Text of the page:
Age When We Did This Activity: 19, 20, 23 months
- Tempera paints
- Art Board, Kraft paper
- Trigger Spray (ideally 1 per color) I like this because Little P can work on it independently without my help. The size is very manageable for his little hands.
- Ma’am and Mom’s Tempera paints are thick so you’ll have to dilute them. I always start with 1:1 ratio, shake it well and test out the spray. The more water you put, the lighter effect you’ll get.
- Prior to our painting sessions, I would usually ask Little P the colors that he’d like to use. I limit the colors to 3-4 only.
- Ideally, use one trigger spray per color to avoid having to change the content of the sprayer.
- Toddlers don’t have much control yet so it would be easier for them if they spray on a paper in front of them rather not than on a table or floor.
How did it go for us?
We’ve spray painted countless times but here are our highlights:
- SPRAY PAINTING ON AN ART BOARD which became the cover of a birthday card we gave to my aunt.
This was the setup when I first made Little P try spray painting. We only had 1 spray then. I transferred the paints as we went along. I won’t recommend this approach though. It’s time consuming and disrupted his focus.
I felt excited seeing him spray independently. It was the perfect size! It’s a great fine motor activity! There were times his little hands would slide off to the tip of the trigger but things got easier as his little hands grew!
After spraying with different colors, here’s our product! You’ll notice that the colors are very light but it was actually the shade that I was hoping to achieve for this birthday card cover.
2. SPRAY PAINTING on a Kraft paper that we used as a gift wrapper
Since we were going to make a gift wrapper, I used a whole sheet of Kraft paper and taped it on our wall. I prepared several tools like the brushes, foam brushes, and sprays.
This time around, I bought more trigger sprays! 1 prepared 1 for each color that little P chose. I tested out if it’s the shade that I wanted. Remember: more water, lighter shade. Lesser water, darker shade.
When the painting session began, he used the tools I prepared alternately. I made him try spraying close to the paper and far from the paper.
Amazing results right? I always believe that art should be a process over product thing but this time around, both the process and product turned out beautiful!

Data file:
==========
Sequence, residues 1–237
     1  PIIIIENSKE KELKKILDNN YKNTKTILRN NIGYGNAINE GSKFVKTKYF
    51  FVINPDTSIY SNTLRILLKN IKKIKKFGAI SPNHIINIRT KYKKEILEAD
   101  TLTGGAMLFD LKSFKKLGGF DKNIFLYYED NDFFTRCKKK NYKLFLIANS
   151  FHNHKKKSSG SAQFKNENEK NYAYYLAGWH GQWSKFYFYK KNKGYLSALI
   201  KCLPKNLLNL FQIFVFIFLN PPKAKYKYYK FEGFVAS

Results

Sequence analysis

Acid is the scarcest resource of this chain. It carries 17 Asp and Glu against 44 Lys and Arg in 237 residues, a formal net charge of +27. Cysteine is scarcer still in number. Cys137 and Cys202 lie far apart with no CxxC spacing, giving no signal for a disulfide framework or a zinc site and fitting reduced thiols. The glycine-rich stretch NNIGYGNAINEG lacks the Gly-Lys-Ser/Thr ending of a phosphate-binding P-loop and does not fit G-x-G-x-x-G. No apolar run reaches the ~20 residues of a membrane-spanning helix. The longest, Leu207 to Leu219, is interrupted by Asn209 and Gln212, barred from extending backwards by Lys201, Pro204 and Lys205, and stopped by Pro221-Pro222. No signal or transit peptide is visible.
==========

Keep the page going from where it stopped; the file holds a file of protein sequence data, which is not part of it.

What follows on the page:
3. SPRAY PAINTING on origami tulips to be given to 4 different loved ones. We just love giving out gifts made with love!
Like before, I asked little P to choose colors, then I prepared the mixture. We used a tray to make clean ups manageable.
He sprayed the first tulip but stopped right away so I just left the rest on the floor in case he gets in the mood to spray again. I didn’t want to force him especially with artworks because it’s counterproductive.
Come nighttime, he wanted to spray again! Yehey! This time, he was so engrossed that he didn’t want to stop spraying! He sprayed everywhere ? Good thing our paints are easily washable! After he painted, I just quickly wiped the window, floor, and jars around using a damp rag.
We made the tulips dry overnight
Then voila! The finished products!
That’s it! Spray painting has been our go to tool when we need to produce some designs. It’s so easy to use and at the same time a great and fun fine motor practice to strengthen those little hands for future writing. On some days, sprays are used for cleaning and watering the plants!
When we feel like it, we just paint directly on our window then clean afterwards! That’s art activity, fine motor practice, and practical life work rolled into one!
What to Expect:
Because it’s so fun using the trigger spray, the child may not be able to always keep spraying within the paper. It’s ideal to do spray painting in the bathroom, outdoors or in our case near our window. Everything around this area is pretty easy to clean. ?